Offshore drilling became a campaign issue as gasoline prices hit $4 a gallon. Public opinion polls show that not only do Americans want their elected leaders to do something about it, but they think drilling for oil on the continental shelf is a great idea.
Public opinion, however, isnt made up of enough geologists, engineers, Wall Street traders or energy policy experts to have all the facts straight.
Drilling for oil in the outer continental shelf, primarily off the coasts of California and Florida, would yield about 200,000 barrels a day, but not for 10 years, according to an Energy Information Administration analysis. Even if companies drill more oil (some estimate there's 400,000 or even 1 million barrels a day available, at current prices) or access it more quickly, there wouldnt be enough, most experts agree, to have a significant effect on prices. That said, changing the offshore drilling policy might influence the futures market in the short term, since traders react to news about impending supply and demand changes.
Drilling for oil can be done more cleanly than in the decades when offshore oil drilling was banned after a spill in California, but it still poses risk to the ocean environment. The bigger issue is what investing in new oil supply means, strategically: Is the United States of the future going to be relying on oil, or moving to renewable alternative fuels ethanol, biodiesel, electric cars and the like? If it will, then investing so much in a policy that wont affect gas prices for a decade makes no sense. If, however, America just isnt ready to give up oil, then it may be more ethical to drill for it here than to outsource the environmental risk.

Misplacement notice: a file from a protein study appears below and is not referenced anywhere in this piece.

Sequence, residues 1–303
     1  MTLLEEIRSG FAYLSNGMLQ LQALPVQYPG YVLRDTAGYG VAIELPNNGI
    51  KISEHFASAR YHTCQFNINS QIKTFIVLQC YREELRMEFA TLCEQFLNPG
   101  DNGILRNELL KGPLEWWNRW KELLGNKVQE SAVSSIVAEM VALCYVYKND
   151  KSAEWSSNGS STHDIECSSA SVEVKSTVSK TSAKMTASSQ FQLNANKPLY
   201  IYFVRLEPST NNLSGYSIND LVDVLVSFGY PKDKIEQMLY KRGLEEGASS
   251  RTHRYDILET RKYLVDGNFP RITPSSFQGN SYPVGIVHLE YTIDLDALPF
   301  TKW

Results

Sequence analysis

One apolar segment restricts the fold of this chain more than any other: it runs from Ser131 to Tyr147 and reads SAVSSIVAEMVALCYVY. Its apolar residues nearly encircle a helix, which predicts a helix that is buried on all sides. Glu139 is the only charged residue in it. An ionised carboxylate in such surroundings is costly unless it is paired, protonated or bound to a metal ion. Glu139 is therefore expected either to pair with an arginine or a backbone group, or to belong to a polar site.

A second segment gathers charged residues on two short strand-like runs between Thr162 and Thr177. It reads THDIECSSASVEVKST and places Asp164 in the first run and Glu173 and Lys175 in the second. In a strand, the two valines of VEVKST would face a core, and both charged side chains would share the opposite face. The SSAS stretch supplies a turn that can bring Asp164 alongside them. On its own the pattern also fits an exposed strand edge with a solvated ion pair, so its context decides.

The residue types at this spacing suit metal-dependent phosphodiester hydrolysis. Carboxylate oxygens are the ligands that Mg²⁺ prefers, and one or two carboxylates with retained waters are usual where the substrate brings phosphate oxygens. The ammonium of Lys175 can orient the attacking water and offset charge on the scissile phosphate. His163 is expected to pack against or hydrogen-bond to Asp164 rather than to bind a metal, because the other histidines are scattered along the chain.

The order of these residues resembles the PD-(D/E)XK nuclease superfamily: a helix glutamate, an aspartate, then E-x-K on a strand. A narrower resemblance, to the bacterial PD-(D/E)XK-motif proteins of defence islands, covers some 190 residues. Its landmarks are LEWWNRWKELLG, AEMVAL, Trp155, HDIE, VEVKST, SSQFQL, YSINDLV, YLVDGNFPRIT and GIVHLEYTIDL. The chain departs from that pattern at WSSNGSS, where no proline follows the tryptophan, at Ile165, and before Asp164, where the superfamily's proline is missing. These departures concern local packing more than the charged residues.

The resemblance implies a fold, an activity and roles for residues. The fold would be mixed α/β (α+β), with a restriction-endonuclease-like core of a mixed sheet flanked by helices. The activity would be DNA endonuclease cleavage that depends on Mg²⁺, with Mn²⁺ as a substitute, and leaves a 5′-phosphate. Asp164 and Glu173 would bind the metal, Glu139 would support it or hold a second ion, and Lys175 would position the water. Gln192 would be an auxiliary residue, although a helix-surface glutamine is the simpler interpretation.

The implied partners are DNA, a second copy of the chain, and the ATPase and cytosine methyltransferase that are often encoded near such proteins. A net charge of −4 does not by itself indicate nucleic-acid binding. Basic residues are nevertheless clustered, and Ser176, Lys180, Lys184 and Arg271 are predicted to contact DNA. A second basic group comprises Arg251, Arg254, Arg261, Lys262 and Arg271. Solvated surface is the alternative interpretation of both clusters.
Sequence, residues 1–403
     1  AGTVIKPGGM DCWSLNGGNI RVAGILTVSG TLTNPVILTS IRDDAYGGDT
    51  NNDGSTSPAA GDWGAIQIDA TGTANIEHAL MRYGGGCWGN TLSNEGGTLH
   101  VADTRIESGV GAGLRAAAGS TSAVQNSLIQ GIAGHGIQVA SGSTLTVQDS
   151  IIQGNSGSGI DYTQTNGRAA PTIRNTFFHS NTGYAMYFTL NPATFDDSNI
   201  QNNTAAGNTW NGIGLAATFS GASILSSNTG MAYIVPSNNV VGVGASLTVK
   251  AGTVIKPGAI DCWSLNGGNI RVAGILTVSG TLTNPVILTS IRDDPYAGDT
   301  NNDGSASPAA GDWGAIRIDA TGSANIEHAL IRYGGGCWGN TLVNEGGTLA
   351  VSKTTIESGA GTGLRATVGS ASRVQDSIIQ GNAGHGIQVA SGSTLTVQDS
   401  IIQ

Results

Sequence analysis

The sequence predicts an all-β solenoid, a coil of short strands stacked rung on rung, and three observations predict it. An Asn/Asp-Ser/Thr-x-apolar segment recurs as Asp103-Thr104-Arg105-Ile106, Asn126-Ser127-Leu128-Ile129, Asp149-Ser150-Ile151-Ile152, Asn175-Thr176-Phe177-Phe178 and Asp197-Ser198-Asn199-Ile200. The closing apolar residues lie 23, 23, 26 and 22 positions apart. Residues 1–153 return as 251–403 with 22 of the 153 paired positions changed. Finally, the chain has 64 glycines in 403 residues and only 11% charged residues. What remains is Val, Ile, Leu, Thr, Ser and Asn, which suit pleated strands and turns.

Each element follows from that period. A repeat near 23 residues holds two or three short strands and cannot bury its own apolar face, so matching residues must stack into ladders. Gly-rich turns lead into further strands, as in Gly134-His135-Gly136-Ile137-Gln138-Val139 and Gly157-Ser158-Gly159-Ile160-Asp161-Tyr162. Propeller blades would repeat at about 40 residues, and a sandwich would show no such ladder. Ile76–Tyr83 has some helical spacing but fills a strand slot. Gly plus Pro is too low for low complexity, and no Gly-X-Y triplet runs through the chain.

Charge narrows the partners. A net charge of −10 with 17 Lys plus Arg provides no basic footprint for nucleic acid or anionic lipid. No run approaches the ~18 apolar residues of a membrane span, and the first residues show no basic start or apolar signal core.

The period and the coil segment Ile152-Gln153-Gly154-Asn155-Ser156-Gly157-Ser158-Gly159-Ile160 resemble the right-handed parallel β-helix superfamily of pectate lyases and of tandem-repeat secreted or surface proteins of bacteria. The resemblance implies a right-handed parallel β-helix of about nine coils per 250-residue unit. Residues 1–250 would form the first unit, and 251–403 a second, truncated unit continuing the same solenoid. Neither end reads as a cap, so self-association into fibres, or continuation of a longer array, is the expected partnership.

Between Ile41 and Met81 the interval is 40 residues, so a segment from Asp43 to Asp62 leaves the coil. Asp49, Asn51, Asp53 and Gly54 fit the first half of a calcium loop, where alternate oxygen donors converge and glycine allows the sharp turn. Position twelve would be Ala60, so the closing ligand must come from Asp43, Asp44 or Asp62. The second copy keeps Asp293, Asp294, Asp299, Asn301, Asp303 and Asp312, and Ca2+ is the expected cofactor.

President Bush already lifted an executive ban on offshore drilling, so all that remains in the way, legally, is Congress. Therefore, the next president would be able to affect change only by throwing around political weight.
Offshore drilling holds the No. 1 position in John McCains energy policy and stump speech. Drill here now is a common refrain.
Obama would accept offshore drilling only as part of a compromise to achieve broader energy policy goals, which include massive investments in renewable and alternative energy.
Enter your city or zip code to get your local temperature and air quality and find local green food and recycling resources near you.